Liz did meet one like-minded person at school: her future husband, Philip Perry, an English major from the Bay Area who was headed to Cornell Law School. Liz herself was on her way to Eastern Europe, hired by Armitage to help develop private enterprise in Eastern Bloc countries after the fall of the Berlin Wall for the State Department. Cheney, then the secretary of Defense under President George H.W. Bush, asked Armitage to keep an eye on her. “The father called up and said, ‘You know, she’s got a will of her own, [but] she does have my name, so I’d appreciate it if you’d vet where she’s going,’ ” recounts Armitage.
For security purposes, Liz used her mother’s maiden name, traveling as Liz Vincent, and a friend says she was sometimes disappointed when security decided that she couldn’t travel to certain locations. “She wanted to be judged on her professional contributions, but she was mindful of who she was,” says Heather Conley, a former State Department colleague.
After Bill Clinton was elected in 1992, Liz left government and married Perry in Wyoming, where the wedding party went snowmobiling in Yellowstone. Soon thereafter, the couple moved to Illinois, where Liz entered law school at the University of Chicago. (Barack Obama was a professor of constitutional law there at the time, but the two never met.) Midway through, she gave birth to Dick’s first grandchild. Around the same time, Dick Cheney was testing the waters for a presidential run in 1996. While Lynne and Mary were ambivalent, concerned for Mary’s privacy and the impact of her sexual orientation on Dick’s prospects among Republicans, Liz was “gung ho,” Dick told Stephen Hayes. “She was out in the backyard painting yard signs.”
But Dick Cheney opted out. Instead, he joined the energy company Halliburton as the CEO and by the end of the decade left the company with a reported $20 million package. The Cheneys were now wealthy. Dick and Lynne bought a large plot of land in McLean—not far from his granddaughters’ preschool—on which to build the family estate, the nerve center for the next phase in Cheney history.
Liz Cheney has been unapologetic in her defense of waterboarding: “If Al Qaeda captures an American, they cut his head off.”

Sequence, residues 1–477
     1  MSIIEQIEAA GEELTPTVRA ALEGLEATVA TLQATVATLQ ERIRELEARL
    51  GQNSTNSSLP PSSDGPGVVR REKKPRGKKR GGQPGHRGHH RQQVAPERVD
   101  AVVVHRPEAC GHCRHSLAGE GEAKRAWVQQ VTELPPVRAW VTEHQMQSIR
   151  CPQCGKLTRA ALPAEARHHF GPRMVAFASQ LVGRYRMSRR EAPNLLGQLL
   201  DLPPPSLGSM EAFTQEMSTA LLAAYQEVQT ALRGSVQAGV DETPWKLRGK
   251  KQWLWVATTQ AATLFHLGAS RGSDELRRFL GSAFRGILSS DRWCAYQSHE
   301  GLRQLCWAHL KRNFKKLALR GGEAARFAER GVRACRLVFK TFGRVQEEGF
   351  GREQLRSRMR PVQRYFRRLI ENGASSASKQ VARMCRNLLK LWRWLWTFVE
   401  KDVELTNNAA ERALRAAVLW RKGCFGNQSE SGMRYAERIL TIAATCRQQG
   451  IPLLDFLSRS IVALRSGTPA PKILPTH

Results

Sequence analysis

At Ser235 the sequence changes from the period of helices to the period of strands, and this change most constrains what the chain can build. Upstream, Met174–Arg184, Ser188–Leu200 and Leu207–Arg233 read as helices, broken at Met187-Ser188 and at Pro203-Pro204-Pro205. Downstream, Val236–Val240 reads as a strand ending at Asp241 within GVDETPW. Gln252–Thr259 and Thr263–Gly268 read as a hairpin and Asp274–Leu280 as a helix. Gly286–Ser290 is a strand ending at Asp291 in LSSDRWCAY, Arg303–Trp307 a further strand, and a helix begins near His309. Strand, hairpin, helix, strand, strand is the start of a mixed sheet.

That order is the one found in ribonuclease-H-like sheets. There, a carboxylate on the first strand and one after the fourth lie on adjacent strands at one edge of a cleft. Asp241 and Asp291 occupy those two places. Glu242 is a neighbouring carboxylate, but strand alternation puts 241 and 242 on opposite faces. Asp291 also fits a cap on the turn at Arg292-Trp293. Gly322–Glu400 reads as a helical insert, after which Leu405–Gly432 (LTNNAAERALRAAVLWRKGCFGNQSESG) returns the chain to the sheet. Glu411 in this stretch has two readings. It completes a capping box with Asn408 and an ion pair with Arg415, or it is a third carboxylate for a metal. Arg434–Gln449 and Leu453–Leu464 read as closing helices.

The Cheney family story, rooted in a romanticized Wyoming culture of plainspoken simplicity and rock-ribbed independence, has long been that it is a matriarchy. Lynne is the family anchor and social navigator, keeping tabs on her husband’s errant staffers, line-editing his speeches, and going on TV when Mary’s sexuality becomes grist for a political movement. Referred to simply as “Mrs.” by former campaign aides (and “Boss” by Dick Cheney, who is cast for comic effect as the family cook), she embodies the family’s prairie-style feminism, the brassy, defensive exterior and stand-by-your-man fortitude, which she passed on to both her daughters.
While Liz was graced with the social composure of her mother, she has always been her father’s intellectual heiress, ambitious and eager. “She idolizes her father,” says an acquaintance. “She is in thrall to him.” As Cheney prepared to reenter politics in 2000 after an absence of eight years, Liz became an increasingly important figure in his life. When Bush chose Cheney to be his running mate, Cheney hired Kathleen Shanahan, a friend of the Bush family, to run his side of the campaign. When they met, the first thing he told her was, “My daughters are going to be involved, and we’re going to be a unit.”
Liz became his aide in debate prep against Al Gore’s running mate, Joe Lieberman, working with Paul Wolfowitz and Republican adman Stuart Stevens. By the time it was over, the story goes, Liz had supplanted the more powerful men in the debate sessions, casually directing them by their first names and training her father to distill his answers into more accessible language. “Liz was very good at taking his immediately instinctive answers and making them real,” recalls Shanahan, describing how Liz would ask her father to imagine explaining his foreign-policy prescriptions to his country cousin back in Wyoming. (Another former Bush-administration official close to the Cheneys says this is just part of the pass-the-torch mythology: “She was not a senior adviser to him on this.”)
After the election, the Perry began to disappear from her name in the press, and she became known exclusively as Liz Cheney. She embraced a new role as the point person to sell the GOP as advocates for women, telling a reporter she found it “offensive when people in either party talk about ‘women’s issues,’ ” a phrase that she said “denigrates women” by assuming they’re less interested in guns and taxes.
The events of 9/11 transformed the Cheneys. Larry Lindsey, the former director of Bush’s National Economic Council, was in the White House bunker that day with the vice-president. “That experience really changes your view of the world,” he says. “You understand the concept of what it is to be a secure nation. I don’t agree with him on everything, but I understand where he’s coming from.”